Here are the recommendations for SIVs from LittleCloud

The SIV can be a learning tool in the pilot’s career.
It is not a compulsory step either, there are other ways to progress in terms of handling feelings.
We must never forget that these exercises are there to educate the pilots, not to put them in danger during these exercises.
This work takes time and practice and must be progressive and absolutely adapted to the level of the pilot.
It must be understood that in real situations, when the aerology is such that our wings can experience flight incidents, the necessary actions are much more specific and demanding to perform!
It is therefore very easy to turn a situation worse by trying to solve it, as in training where the conditions are optimal.
In short, do everything you can to avoid finding yourself in a critical situation by anticipating, by flying with a wing adapted to your level in conditions also adapted to your level.

Because we work to make our wings as safe as possible, we have chosen certain characteristics specific to all LittleCloud wings:

Strong pitch damping. The pitch stability reduces the consequences of flight incidents (loss of altitude, resumption of flight, less dynamic incident, etc.).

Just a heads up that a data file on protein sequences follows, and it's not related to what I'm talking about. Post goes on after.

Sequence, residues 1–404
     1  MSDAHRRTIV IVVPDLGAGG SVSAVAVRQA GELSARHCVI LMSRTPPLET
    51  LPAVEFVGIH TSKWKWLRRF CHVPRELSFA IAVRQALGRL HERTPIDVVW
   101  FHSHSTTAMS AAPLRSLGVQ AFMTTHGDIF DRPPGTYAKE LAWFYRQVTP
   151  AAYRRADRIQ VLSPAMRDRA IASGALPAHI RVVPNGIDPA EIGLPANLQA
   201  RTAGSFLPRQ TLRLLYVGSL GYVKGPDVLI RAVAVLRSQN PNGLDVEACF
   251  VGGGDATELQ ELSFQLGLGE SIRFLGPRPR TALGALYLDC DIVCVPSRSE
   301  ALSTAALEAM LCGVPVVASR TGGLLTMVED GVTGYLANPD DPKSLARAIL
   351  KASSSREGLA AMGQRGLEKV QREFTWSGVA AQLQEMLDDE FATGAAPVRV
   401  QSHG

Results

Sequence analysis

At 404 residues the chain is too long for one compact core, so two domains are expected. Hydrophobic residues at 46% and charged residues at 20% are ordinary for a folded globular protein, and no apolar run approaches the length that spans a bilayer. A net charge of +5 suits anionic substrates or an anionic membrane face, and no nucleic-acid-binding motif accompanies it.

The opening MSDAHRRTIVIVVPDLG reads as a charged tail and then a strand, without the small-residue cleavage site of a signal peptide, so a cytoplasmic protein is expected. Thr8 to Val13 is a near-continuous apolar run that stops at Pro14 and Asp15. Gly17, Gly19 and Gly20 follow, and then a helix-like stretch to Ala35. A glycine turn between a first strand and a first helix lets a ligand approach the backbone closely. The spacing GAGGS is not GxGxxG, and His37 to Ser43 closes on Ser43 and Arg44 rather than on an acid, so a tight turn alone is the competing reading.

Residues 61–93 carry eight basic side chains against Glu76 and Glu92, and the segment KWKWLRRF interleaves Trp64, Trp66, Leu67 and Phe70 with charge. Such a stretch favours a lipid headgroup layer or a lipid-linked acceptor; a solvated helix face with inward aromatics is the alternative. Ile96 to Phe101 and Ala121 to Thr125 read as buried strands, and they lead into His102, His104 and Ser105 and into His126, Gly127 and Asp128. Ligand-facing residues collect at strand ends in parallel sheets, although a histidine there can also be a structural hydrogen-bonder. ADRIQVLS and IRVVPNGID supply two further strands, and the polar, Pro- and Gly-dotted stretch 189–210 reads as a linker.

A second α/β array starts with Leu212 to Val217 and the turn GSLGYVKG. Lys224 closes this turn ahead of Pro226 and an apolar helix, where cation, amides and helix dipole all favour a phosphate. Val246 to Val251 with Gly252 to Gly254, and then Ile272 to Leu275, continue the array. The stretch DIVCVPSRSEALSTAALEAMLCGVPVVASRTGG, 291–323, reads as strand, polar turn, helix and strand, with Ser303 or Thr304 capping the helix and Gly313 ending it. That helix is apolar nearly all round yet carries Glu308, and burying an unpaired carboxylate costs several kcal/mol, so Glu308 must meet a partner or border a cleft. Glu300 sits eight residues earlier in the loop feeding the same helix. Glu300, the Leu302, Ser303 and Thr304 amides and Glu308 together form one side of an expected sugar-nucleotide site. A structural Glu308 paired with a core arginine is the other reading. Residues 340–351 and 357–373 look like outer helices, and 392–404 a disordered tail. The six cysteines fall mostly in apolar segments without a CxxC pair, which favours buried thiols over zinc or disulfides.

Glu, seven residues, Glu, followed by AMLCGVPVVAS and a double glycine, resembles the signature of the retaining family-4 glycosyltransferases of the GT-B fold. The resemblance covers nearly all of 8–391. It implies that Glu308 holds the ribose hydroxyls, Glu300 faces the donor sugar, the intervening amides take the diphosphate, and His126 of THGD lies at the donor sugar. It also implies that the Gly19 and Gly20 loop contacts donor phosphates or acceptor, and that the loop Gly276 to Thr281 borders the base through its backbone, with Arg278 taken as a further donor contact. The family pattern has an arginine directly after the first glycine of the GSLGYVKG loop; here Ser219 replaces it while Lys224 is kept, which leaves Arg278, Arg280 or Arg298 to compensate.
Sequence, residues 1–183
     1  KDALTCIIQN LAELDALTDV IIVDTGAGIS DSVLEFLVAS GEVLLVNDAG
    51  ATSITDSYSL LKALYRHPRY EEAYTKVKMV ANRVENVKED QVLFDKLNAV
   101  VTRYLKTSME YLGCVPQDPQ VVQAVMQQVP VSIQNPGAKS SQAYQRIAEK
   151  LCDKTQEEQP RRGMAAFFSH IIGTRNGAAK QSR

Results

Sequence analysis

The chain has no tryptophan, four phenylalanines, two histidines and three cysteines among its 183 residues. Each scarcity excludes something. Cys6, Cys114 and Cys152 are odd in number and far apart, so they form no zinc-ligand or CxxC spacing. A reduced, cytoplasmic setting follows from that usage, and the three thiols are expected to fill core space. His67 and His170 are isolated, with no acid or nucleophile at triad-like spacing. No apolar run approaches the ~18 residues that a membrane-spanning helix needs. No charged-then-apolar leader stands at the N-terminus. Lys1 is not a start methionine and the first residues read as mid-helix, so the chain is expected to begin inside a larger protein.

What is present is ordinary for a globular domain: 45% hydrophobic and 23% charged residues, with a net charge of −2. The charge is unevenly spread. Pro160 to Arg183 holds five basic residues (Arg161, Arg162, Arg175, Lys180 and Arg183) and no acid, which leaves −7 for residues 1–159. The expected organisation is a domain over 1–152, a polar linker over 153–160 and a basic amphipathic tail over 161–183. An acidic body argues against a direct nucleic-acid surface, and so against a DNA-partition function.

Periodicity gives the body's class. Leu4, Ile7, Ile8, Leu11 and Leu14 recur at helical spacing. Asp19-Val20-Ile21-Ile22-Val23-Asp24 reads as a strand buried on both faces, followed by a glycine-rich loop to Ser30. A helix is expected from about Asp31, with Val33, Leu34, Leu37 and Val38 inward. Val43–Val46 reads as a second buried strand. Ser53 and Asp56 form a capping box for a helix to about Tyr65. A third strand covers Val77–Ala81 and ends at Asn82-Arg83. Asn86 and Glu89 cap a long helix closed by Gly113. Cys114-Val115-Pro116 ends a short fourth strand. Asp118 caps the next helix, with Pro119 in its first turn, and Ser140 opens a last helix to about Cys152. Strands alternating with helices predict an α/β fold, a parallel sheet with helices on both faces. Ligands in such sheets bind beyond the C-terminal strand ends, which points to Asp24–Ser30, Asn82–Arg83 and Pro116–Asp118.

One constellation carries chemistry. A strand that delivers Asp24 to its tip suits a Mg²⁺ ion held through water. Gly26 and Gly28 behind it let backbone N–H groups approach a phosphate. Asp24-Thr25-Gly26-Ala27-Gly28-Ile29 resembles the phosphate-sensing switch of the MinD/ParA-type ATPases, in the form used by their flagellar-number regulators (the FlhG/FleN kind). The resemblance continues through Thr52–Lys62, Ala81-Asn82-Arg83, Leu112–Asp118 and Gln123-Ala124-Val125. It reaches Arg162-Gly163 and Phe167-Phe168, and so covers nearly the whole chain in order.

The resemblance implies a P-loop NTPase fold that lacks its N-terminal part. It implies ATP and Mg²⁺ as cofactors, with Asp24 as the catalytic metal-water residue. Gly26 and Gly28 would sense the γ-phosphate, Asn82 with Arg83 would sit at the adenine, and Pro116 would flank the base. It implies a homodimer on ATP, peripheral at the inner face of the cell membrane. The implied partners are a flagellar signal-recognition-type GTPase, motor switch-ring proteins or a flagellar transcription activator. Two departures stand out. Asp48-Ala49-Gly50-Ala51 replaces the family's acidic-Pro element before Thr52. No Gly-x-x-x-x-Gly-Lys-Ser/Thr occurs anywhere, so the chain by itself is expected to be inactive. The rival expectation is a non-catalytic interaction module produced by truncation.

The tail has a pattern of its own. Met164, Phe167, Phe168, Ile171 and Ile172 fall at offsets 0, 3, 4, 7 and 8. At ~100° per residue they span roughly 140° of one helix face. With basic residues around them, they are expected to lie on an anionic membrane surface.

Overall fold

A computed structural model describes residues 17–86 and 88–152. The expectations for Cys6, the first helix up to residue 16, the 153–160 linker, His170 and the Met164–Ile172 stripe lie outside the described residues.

Very high stall resistance , with long brake ranges and a wing that try strongly to get back to fly mode.
A distribution of tensions which reduces the propagation of collapses.
Less G force in 360.
A usually rapid reopening of the collapses without pilot action, with little rotation in most cases and poor energy (be careful, this does not mean that it never happens!).
Lines and design greatly limiting the risk of a cravat!

Our wings are designed to fly and resume flight as soon as possible, so they are not very suitable for Freestyle.
For traditional SIV manoeuvres, below is the list of specificities.

– The stalls must be done in 2 stages, the strong resistance leads to a horseshoe in classic stall, with all the negative consequences that go with it.
– Stable backfly is not easy to find and perform.
– “Autorotations” are extremely difficult to implement.
– Frontal and asymmetrical closures are very physical to perform. Pay attention to the timing of large collapses (too slow = reactions that can be very dynamic – asymmetrical > 50% and frontal > 35%). A cross line is often necessary to make large EN type collapses (75%).
– B stalls are almost impossible and above all prohibited in the flight manuals.
– In 360, it is easy to reach high descent speeds due to the low G force.
Be aware of this and act accordingly (normally your SIV instructor should take this into account).
– The shorter lines do not pose any problems of interaction with the rescue.
Experience shows that there are no more worries than with any other paragliding wings.

In any case, do not hesitate to contact us (you or your SIV instructor).
You will find on this link, a large part of the flight test videos on classic manoeuvres: